jsonb_extract_path() and json_extract_path()

Purpose: Provide the identical functionality to the #> operator.

Signature For the jsonb variant:

input value:       jsonb, VARIADIC text
return value:      jsonb

The invocation of #> can be mechanically transformed to use jsonb_extract_path() by these steps:

  • Add the function invocation with its required parentheses.
  • Replace #> with a comma.
  • Write the path as a comma-separated list of terms, where both integer array indexes and key-value keys are presented as text values, taking advantage of the fact that the function is variadic).

This DO block shows the invocation of #> and jsonb_extract_path() vertically to help visual comparison.

do $body$
  j constant jsonb :=
    '[1, {"x": [1, true, {"a": "cat", "b": "dog"}, 3.14159], "y": true}, 42]';

  jsub_1 constant jsonb :=                    j #> array['1', 'x', '2', 'b'];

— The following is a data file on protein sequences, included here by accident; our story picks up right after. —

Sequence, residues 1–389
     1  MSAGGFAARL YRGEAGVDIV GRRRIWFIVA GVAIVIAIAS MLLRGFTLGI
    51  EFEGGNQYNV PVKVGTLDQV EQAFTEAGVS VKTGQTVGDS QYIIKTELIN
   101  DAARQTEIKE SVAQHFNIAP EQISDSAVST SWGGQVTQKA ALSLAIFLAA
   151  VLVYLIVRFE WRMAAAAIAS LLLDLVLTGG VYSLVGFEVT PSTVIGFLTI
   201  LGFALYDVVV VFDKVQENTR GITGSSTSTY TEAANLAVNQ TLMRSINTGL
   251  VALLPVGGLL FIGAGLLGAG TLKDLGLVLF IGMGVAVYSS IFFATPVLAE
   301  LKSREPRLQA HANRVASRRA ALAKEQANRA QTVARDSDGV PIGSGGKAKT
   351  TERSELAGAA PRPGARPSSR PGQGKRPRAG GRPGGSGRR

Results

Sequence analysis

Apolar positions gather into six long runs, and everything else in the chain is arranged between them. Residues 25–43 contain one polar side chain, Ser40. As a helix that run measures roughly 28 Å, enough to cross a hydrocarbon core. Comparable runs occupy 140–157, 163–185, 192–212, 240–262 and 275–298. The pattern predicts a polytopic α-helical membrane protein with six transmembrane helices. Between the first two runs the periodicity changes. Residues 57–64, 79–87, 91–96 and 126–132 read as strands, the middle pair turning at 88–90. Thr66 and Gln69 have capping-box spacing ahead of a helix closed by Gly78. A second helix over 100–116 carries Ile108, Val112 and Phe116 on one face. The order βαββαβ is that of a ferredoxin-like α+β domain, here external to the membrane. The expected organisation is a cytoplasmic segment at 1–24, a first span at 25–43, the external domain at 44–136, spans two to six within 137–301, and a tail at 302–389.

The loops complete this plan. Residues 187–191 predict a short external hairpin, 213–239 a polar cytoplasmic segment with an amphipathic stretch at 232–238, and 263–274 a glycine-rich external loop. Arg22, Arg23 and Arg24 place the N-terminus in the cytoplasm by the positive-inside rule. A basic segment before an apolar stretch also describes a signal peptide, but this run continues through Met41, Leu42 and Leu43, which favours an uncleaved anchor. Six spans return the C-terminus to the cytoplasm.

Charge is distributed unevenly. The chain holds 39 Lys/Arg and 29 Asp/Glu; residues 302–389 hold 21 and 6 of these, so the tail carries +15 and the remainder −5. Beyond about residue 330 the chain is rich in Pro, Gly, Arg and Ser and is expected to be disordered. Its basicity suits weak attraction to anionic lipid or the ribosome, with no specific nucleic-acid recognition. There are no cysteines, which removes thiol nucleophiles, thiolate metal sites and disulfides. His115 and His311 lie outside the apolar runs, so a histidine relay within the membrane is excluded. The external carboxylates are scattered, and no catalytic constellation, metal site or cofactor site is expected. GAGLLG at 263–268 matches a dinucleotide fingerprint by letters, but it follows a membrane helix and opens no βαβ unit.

jsub_2 constant jsonb := jsonb_extract_path(j,         '1', 'x', '2', 'b');

  expected_jsub constant jsonb := '"dog"';
    (jsub_1 = expected_jsub) and
    (jsub_2 = expected_jsub),

Notice that even though jsonb_extract_path()is variadic, each step that defines the path must be presented as a convertible SQL text, even when its meaning is a properly expressed by a SQL integer.

The function form is more verbose than the operator form. Moreover, the fact that the function is variadic makes it impossible to invoke it statically (in PL/pgSQL code) when the path length isn't known until run time. There is, therefore, no reason to prefer the function form to the operator form.